Quick Exit

Experiences Shared

Edward

All names and identifying details have been changed.

Participants have given us permission to share their experiences.

Edward’s father disappeared when he was born. When he was very young his mother was taken into hospital and took him with her. She died in the hospital and Edward was taken into care soon afterwards.

Edward has no memory of his mother – no photographs and no records. His earliest memory was being taken into care by nuns who ran a convent. His first memory of abuse was being in a dormitory with lots of other boys. Each bedtime, the boys were made to kneel by the bed and say their prayers. The nuns would then come around with a cane and hit the bottom of the bed. They would ask if the boys were asleep and if any of them were caught awake they were given a hiding.

The nuns would not allow the boys to go to the toilet other than at set times. If a boy needed to go again they would have to ask a nun and even if they were desperate to do a ‘number two’ they would have to wait. Edward says this could be quite traumatic. In later life he developed cancer and he blames this on the strictly allocated toilet times.

Edward wet the bed until he was in his mid teens, and recounts how dreadful the punishments were. On one occasion a nun put him in one of the industrial washing machines with his wet sheets and shut the door. She didn’t switch it on but left him there.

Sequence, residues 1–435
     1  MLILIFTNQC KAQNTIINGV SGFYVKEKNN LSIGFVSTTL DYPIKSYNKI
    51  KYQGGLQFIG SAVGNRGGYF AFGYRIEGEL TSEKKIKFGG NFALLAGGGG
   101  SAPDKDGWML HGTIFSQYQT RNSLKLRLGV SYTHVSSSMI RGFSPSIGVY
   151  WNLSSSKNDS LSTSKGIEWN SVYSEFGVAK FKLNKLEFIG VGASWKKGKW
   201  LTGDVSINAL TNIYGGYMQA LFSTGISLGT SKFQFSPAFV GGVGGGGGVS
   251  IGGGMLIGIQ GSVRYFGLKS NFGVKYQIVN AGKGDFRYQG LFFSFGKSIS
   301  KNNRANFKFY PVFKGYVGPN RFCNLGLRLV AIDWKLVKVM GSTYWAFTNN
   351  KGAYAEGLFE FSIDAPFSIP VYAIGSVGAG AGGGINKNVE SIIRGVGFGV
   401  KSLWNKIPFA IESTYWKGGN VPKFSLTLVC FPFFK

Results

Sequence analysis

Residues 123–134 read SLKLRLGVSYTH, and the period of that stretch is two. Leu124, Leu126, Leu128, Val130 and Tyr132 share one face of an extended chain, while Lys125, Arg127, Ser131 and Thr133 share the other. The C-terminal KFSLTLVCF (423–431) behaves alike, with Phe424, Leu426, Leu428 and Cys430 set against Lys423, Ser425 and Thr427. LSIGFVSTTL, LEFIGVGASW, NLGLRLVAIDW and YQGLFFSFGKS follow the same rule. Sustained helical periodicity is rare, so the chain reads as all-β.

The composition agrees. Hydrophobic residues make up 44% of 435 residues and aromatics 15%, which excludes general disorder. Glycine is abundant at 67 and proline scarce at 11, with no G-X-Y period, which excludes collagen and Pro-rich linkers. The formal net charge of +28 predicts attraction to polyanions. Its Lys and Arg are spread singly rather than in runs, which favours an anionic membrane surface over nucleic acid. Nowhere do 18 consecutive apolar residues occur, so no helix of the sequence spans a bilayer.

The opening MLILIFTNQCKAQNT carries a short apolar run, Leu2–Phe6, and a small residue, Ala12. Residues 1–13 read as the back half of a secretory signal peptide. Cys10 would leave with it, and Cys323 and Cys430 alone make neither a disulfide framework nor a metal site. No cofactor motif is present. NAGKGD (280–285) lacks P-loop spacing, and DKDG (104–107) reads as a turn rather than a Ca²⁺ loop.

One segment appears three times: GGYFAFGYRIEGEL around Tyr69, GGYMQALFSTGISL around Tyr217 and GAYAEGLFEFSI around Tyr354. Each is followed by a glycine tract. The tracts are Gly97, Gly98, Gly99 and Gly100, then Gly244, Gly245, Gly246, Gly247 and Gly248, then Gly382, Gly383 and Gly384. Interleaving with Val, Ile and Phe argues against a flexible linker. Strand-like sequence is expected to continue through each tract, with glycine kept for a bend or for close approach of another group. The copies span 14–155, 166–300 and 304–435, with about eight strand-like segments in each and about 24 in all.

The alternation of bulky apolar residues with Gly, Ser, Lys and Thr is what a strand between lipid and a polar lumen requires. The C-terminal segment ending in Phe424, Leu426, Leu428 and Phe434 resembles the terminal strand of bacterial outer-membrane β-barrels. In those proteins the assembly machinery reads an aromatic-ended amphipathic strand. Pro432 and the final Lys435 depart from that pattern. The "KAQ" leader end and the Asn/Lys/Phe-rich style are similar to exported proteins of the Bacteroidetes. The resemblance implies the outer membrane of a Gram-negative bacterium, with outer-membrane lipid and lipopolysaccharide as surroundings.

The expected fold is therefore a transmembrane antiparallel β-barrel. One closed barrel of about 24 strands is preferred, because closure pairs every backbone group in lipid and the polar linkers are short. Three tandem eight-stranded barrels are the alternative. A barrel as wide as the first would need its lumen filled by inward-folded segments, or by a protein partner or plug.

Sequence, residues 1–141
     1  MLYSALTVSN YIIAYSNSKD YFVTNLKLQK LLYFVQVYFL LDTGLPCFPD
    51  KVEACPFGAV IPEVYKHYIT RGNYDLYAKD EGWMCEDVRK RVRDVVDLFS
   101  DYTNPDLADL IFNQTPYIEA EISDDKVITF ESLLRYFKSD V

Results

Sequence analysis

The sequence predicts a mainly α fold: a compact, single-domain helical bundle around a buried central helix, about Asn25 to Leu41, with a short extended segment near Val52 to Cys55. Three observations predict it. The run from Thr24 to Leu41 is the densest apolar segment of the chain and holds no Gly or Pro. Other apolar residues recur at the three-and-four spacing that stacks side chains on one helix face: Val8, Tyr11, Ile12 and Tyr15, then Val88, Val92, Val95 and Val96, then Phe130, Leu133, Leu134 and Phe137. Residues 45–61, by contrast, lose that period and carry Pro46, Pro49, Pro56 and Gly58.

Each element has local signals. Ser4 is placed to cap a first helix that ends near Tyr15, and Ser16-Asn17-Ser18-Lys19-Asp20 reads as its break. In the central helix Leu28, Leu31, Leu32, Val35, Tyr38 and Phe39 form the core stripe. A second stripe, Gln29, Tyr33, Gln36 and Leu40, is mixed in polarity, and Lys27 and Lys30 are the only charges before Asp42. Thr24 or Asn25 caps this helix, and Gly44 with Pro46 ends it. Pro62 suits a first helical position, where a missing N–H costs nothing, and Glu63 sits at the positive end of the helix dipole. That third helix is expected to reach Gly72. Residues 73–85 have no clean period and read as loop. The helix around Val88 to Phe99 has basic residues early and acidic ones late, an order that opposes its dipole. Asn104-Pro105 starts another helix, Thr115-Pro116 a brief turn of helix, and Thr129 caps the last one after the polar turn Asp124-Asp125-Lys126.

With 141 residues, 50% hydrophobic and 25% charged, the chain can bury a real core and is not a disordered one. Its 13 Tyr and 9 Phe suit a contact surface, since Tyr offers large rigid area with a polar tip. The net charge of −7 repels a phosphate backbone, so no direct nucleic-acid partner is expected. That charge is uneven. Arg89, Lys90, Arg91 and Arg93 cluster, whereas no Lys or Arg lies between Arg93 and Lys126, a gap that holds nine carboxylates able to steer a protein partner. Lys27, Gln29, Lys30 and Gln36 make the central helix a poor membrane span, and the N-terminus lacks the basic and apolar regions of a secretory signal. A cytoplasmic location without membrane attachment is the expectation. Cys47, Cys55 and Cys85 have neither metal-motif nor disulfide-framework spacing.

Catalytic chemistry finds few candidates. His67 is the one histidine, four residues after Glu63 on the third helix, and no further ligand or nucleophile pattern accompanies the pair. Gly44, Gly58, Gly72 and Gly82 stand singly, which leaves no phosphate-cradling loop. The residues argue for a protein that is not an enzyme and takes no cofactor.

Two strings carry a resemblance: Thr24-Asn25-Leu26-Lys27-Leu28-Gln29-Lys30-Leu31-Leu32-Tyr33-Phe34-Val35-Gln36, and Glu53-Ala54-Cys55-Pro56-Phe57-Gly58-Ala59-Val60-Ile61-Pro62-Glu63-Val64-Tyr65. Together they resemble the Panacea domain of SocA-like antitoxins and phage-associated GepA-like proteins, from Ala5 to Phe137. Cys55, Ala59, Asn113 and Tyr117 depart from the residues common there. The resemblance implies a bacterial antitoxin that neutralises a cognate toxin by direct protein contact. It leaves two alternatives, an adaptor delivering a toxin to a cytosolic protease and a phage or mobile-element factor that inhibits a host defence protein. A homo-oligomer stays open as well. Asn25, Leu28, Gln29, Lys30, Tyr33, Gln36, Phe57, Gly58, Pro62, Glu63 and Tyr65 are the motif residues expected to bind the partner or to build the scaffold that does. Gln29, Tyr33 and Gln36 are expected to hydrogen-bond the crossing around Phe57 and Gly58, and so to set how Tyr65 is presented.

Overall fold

From the convent Edward was moved to an orphanage run by another religious order. If he wet the bed here he would be punished,. This was a regular event for him, and his dormitory was called the ‘wet boys’ dormitory. He says being paraded in front of the other boys was the worst.

Edward had a very good singing voice and was in the choir. One of the religious staff, Brother John, ‘took a shine’ to Edward. He would take him into his office where the sexual abuse took place. Edward was a pre-teen at the time and says that in that situation he could not refuse to do what the staff member told him to. The sexual abuse continued intermittently.

On another occasion Edward woke up in the bed of another brother. Edward believes that the brother took him from his bed into his own bed. Edward woke up in what he describes as a ‘sticky mess’. This happened to other boys.

Edward told us he was in the chapel one day and noticed that a brother was completely naked under his cassock. His thinks this explained why the brother liked to hold boys close to him.

Edward said that it was not ‘the norm’ to tell anyone about the sexual abuse. He says ‘You just grew up with it.’ There were occasional visits from welfare officers, but these were not to see if they were being treated well and there was no opportunity to complain.

He says that he never knew and was never shown love as a boy. Edward understands that you cannot put love into an institution, but said that there was not even empathy. He thinks that people mistakenly assumed that the religious staff would show empathy, but they did not. Edward feels that some of the staff were men who went into religious organisations to avoid the military service that was required at the time.

Edward was later placed with a foster family but it transpired later that they only fostered him so they could move from their cottage to a newly built house. He was returned after only three months with this family and was sent to a residential home run by non-religious staff. He spent the rest of his time in care in this home and says he was very happy there.

Edward still finds it hard to make friends, particularly with other males, as he doesn’t trust men.

He would like to see more frequent visits made to children in homes and that there should always be a family member or someone that the child trusts in welfare meetings with the child. He would also like to force authorities to ensure that they keep full records for children in care.

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